The future is mostly bright for Melbourne's property market –

MELBOURNE is expected to lead the nation for house price growth over the next two years — but the forecast for the unit market isn’t as rosy.

These are among the predictions of NAB’s latest Residential Property Survey, which also found foreigners had retreated from Victoria in the September quarter, while first-home buyers became more prominent.

The survey of about 300 property professionals also found market confidence was strongest in Victoria of all the states, bouncing back from a lull in the June quarter.

It picked Frankston, Werribee, Cheltenham, Toorak, the Melbourne CBD and Ballarat to enjoy “above average growth” in the next year.


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Melbourne house prices overall are tipped to rise 8.6 per cent this year, 5.5 per cent next year and 3.4 per cent in 2019.

These figures mark a slowdown from 2015’s 15.8 per cent and 2016’s 9.5 per cent gains, but they’re expected to be among the highest experienced by Australia’s capitals.

Only Hobart is forecast to achieve bigger price growth this year, at 10 per cent, before Melbourne emerges as the strongest market nationally in 2018 and 2019.

On the unit front, 6.4 per cent price gains are expected in Victoria’s capital this year and 1.2 per cent next year, sustained by the city’s population growth.

But prices are then tipped to fall 2.4 per cent the year after.

“The underperformance seen in the apartment market is set to continue, reflecting heightened supply concerns … and uncertainty around the future of foreign demand,” the report said.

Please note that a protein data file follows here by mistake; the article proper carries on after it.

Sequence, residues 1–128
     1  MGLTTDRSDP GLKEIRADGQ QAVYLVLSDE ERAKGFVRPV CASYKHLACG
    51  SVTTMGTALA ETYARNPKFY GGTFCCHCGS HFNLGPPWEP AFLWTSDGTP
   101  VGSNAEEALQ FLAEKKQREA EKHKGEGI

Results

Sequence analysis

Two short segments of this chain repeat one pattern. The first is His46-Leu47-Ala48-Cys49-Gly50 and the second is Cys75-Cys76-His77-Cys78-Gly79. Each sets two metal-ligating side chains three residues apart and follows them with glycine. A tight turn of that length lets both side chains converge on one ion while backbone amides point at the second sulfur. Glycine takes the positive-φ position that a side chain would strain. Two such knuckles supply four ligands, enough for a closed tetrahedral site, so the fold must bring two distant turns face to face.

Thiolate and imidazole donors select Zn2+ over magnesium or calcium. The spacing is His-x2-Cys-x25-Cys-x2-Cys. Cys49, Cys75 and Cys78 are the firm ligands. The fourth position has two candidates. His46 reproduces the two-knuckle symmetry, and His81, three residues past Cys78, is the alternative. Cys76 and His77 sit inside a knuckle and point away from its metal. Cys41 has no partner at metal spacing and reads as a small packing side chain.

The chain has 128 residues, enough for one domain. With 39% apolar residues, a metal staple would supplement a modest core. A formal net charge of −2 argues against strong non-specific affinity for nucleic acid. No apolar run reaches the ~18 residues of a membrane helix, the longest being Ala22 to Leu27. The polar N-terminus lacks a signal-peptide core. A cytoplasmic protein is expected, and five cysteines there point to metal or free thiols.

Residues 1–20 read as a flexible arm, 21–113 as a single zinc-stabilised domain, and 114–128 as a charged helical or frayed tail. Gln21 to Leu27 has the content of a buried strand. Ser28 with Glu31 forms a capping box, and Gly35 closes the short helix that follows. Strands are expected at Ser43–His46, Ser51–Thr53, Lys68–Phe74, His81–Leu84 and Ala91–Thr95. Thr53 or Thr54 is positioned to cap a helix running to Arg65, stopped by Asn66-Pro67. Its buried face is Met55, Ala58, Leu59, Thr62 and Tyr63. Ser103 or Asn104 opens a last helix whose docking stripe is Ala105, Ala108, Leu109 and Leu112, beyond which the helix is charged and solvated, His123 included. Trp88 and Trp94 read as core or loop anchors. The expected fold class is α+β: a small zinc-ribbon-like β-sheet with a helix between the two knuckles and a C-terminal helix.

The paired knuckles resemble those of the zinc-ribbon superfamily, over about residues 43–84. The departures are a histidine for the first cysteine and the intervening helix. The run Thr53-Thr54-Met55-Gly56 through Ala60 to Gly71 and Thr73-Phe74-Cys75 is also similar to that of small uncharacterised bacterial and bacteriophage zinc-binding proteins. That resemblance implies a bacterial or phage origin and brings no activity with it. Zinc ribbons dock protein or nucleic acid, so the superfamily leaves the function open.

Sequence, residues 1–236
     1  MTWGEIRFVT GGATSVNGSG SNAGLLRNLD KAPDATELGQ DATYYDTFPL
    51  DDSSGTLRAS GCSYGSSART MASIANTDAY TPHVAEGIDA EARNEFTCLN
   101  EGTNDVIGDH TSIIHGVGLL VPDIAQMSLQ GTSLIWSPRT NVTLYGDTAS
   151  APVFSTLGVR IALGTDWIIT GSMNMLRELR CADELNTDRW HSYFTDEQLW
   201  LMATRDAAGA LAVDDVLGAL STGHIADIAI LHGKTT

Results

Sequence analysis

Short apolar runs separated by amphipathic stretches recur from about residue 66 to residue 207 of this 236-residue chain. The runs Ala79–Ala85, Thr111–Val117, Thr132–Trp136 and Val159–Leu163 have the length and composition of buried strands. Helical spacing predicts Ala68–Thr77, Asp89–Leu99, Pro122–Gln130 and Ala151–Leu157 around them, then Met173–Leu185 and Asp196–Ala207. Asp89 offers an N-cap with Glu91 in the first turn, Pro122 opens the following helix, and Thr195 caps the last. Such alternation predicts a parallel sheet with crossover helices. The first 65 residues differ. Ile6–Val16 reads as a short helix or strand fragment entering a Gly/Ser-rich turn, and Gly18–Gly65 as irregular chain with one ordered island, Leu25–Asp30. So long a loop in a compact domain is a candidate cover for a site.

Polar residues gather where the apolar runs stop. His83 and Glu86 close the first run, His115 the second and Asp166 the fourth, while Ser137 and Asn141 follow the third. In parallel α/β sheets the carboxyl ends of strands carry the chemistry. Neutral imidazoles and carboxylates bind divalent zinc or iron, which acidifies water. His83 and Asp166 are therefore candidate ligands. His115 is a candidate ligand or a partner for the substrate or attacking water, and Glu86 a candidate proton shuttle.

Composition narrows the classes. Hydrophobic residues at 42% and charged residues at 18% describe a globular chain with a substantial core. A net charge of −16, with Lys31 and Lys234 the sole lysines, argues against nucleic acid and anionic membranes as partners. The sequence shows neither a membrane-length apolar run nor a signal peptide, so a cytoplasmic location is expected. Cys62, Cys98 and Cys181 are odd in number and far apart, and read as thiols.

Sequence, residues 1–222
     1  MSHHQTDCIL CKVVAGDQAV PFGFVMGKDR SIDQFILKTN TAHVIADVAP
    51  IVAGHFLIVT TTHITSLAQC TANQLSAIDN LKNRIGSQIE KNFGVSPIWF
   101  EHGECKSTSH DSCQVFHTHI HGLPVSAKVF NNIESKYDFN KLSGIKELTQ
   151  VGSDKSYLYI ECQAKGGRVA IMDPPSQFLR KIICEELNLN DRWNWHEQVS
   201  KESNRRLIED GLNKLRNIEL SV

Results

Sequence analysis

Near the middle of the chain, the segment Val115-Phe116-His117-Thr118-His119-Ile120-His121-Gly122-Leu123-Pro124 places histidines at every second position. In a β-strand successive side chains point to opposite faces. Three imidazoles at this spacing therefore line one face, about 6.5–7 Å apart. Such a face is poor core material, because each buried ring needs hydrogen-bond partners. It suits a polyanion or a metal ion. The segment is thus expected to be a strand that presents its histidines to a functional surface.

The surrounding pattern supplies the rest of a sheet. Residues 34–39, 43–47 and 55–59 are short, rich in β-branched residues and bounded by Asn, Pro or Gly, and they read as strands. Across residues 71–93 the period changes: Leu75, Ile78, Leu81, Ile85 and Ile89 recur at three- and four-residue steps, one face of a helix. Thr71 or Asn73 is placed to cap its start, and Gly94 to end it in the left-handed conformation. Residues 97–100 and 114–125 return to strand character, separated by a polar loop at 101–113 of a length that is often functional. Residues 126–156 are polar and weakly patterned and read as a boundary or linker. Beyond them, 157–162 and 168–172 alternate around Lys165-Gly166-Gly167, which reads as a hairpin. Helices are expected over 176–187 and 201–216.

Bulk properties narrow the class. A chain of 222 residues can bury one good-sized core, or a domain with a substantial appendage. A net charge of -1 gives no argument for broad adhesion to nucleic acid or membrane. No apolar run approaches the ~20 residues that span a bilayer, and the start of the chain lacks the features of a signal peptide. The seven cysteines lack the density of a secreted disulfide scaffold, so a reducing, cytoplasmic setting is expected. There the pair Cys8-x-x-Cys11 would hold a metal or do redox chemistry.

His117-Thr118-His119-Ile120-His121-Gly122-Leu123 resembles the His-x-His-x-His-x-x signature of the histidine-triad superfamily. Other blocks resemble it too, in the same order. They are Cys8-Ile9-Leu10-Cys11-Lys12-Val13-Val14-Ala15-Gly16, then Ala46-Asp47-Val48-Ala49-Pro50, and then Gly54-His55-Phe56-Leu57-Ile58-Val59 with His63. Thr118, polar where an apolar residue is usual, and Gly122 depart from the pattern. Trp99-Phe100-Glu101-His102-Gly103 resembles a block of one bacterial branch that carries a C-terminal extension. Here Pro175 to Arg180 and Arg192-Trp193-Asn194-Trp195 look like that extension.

“The timing of when new supply will come online and the willingness of potential buyers to shift their preferences towards smaller dwellings — influenced by affordability, cultural shifts, infrastructure and so on — remains a source of uncertainty.”

NAB Group chief economist Alan Oster said the nation’s moderating property market reflected a combination of “deteriorating affordability, rising supply of apartments, tighter credit conditions and rising interest rates in the second half of 2018”.

The report also found rental returns are expected to outpace capital growth in Victoria, suggesting yields will also rise to provide “the best income returns of all states” for investors.

The share of new property sales involving foreign buyers fell in Victoria, from 20.8 per cent in the June quarter to 14.4 per cent in the three months to September.

The state still had the largest proportion of offshore purchasers in this section of the market, with the report concluding “tighter restrictions on foreign buyers of Australian properties appear to be biting”.

Foreigners were also less involved in Victoria’s established housing market, while first-home buyer activity rose in both the new and established sectors.